Christmas means different things to different people.
For some it’s all about overindulging in turkey and mince pies and watching grandma fall asleep after one sherry too many. To others, it’s a celebration of Advent, going to church for carol service and paying homage to the story of the nativity.
For many of us, though, the TV set is the focal point for their family during the festive period. So much so that going through the bumper edition of the Radio Times armed with a highlighter pen marking all the programmes and films you wanted to watch is an annual tradition.
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At least that used to be the case. Back in the 1970s the Morecambe and Wise Christmas specials set the gold standard for years to come, drawing in audiences in excess of 20 million, as did Mike Yarwood (remember him?) and To The Manor Born, starring Penelope Keith and Peter Bowles.
Then there’s the famous Christmas episode of EastEnders in 1986, when 18.9 million (around 30 million if you include those who watched the repeat) tuned in to see Den serve Angie with divorce papers in the Queen Vic (what most of today’s TV execs wouldn’t give for even half that number).
Whatever our age, we tend to hark back to our childhood at this time of year because it evokes so many memories and watching the telly is one of them.
Yet on the one hand we hear people moaning about the festive TV schedule because there are too many repeats and then they complain if the Two Ronnies aren’t shown at some point.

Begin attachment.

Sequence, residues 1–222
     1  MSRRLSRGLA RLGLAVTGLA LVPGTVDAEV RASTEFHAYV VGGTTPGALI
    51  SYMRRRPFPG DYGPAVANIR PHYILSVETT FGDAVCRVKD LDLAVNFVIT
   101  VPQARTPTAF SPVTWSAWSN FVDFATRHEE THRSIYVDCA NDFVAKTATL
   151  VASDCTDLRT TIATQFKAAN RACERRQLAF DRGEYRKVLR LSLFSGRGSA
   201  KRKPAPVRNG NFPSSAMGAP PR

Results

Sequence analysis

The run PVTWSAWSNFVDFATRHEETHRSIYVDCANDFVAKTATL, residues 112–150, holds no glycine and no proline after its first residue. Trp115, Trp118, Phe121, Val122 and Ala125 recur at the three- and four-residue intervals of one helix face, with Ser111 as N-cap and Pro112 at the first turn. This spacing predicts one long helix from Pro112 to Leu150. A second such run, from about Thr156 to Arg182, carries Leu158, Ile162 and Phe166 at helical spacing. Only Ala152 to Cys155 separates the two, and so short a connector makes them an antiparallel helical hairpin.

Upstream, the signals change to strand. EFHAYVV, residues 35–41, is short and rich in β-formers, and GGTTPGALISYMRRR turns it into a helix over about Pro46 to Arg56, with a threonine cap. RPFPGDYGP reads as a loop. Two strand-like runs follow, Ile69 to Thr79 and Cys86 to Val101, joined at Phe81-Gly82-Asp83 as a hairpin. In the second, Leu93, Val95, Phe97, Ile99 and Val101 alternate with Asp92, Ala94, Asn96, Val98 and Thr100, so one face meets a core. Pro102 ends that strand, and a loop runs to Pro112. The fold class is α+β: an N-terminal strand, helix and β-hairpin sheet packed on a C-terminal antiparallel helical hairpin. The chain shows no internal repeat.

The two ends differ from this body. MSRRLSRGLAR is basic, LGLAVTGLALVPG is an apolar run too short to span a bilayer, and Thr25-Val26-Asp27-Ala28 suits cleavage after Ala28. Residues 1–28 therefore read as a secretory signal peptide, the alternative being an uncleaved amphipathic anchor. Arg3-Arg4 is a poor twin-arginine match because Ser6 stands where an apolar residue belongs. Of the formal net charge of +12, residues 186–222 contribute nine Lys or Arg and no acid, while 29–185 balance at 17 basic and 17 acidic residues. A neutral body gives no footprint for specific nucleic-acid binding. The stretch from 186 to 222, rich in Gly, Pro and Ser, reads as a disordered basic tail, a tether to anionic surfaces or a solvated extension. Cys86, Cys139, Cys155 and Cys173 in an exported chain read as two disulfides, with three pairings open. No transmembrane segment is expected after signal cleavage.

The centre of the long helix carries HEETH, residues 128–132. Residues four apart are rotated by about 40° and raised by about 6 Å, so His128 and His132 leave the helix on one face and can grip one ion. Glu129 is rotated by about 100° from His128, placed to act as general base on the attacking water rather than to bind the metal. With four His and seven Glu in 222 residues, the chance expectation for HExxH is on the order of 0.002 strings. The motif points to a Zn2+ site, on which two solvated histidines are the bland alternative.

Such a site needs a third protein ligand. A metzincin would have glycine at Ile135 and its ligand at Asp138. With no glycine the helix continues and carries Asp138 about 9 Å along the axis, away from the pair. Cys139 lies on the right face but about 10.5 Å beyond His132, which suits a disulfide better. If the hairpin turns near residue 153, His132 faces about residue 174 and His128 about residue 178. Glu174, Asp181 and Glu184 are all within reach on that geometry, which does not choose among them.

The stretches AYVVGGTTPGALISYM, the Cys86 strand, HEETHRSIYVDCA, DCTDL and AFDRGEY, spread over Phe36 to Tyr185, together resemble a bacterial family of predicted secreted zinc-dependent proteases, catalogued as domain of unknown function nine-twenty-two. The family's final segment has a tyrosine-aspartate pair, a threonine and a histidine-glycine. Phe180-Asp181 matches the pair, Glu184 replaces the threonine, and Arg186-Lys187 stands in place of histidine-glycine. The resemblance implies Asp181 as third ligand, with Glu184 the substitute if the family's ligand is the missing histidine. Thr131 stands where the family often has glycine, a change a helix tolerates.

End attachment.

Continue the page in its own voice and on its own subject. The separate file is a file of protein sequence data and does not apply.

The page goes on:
TV has changed radically since the Seventies and Eighties and so has the way we sit and watch it. There’s a generational divide that didn’t exist even as recently as 20 years ago.
Many young people are glued to their smartphones and tablets where they’re more likely to be watching something on YouTube than one of the mainstream TV channels.
The reality is that there has not been a runaway hit in Christmas week since Only Fools and Horses pulled in 24.3 million viewers in 1996.
Since then, first Sky and then the competing attraction of the internet has whittled audiences away. The emergence of Netflix and Amazon Prime as producers of their own high-quality programmes has also made a further dent.
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And yet having said that, many of our TV traditions still hold true. Up and down the land, families time their Christmas dinner either to be finished in time for the Queen’s speech (Jeremy Corbyn must be one of the few people who doesn’t know what time it’s on at), or to start once her speech is over.
Last Christmas, more than seven million people watched the Queen’s speech on BBC One, ITV, Sky One and Sky News, making it the second most watched festive programme after Call the Midwife (which takes a prime time slot again this year) which had 8.7m viewers once on-demand figures were calculated.
The BBC has a long history of winning the Christmas Day TV battle, triumphing the majority of times over the past 30 years.
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The TV ratings war between the two channels may not have quite the same cache that it once had, but I bet the bosses of whichever channel comes out on top this year will still see it as a feather in their cap.
It’s true that no programme has won more than 20 million viewers since 2001, and the 15 million line has not been crossed since 2008, with the aminated Wallace and Gromit adventure, A Matter of Loaf and Death, but television does still matter.
We might be watching it in a different way to our parents and grandparents, but it still brings friends and families together and that’s what Christmas is all about really,isn’t it?